Parliamentary privilege is essential to the functioning of a modern, democratic Parliament. Free speech in Parliament is as crucial now as it was when the Bill of Rights was enacted in the seventeenth century. However if Parliament has an ‘adversary’ in the twenty-first century it is no longer an over-powerful monarch but may be an over-powerful judiciary.
While its constitutional importance remains paramount, the modern context of Parliamentary privilege has changed. Moreover, the word ‘privilege’ in our modern, democratic society has negative, elitist connotations. If the Houses are to justify privilege in the twenty-first century it is essential to convince the public that it remains a vital element in the functioning of Parliament in a democratic age.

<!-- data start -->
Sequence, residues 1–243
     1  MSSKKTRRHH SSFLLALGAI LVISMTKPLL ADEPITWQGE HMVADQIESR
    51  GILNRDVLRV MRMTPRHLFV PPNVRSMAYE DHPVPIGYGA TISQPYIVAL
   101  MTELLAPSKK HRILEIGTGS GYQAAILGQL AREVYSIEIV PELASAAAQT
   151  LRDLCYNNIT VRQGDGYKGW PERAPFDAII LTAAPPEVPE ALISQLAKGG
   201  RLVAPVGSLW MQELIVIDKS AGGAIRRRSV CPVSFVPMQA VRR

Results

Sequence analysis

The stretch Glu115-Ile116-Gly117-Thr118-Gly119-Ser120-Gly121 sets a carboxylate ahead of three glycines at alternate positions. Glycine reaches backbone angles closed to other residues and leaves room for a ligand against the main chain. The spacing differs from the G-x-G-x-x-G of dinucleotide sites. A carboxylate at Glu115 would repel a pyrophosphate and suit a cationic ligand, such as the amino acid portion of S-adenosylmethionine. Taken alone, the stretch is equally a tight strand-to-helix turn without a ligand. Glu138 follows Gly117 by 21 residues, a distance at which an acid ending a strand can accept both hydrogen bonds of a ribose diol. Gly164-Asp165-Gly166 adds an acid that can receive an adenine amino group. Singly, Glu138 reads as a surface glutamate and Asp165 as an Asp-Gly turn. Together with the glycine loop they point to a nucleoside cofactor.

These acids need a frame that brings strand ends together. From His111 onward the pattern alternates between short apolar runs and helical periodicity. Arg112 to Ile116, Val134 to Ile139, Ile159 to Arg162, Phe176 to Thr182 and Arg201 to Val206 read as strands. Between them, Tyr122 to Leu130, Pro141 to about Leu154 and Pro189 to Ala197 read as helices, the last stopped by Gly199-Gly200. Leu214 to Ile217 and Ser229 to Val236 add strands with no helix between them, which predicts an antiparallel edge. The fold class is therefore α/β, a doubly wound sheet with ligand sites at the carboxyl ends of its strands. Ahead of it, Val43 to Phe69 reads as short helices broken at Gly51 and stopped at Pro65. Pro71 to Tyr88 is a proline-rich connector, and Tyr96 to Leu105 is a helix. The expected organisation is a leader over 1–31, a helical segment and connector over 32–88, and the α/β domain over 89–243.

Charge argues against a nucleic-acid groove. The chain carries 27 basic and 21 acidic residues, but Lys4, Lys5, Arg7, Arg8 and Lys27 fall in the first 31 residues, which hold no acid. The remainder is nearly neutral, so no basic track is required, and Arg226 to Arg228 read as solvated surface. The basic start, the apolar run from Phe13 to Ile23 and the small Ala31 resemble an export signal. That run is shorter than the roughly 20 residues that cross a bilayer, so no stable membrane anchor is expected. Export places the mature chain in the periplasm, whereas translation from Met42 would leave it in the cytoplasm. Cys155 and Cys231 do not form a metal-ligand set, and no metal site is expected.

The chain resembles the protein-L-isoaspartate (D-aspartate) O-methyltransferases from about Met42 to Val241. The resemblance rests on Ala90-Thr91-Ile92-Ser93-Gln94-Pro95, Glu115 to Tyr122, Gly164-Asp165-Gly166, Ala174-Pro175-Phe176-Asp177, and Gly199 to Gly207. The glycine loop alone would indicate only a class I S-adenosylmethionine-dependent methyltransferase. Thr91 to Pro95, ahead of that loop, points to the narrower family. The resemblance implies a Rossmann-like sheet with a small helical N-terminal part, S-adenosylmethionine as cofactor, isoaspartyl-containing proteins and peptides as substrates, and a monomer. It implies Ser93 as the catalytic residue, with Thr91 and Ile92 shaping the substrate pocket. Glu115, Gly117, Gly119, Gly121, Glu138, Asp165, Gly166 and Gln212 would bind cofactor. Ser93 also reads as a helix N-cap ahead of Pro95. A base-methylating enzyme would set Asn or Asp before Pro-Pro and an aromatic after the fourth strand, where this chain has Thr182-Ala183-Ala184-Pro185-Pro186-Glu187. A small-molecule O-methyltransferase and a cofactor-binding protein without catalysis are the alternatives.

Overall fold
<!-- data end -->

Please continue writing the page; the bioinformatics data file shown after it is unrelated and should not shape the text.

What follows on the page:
This paper examines whether this is best achieved by leaving things alone or by principled legislation. It considers the Government’s Green Paper on Parliamentary privilege and asks how real is the danger of judicial activism in the affairs of Parliament and whether that danger is increased or diminished by a new statue.
This publication presents the personal views of the author and not those of The Constitution Society, which publishes it as a contribution to debate on this important subject.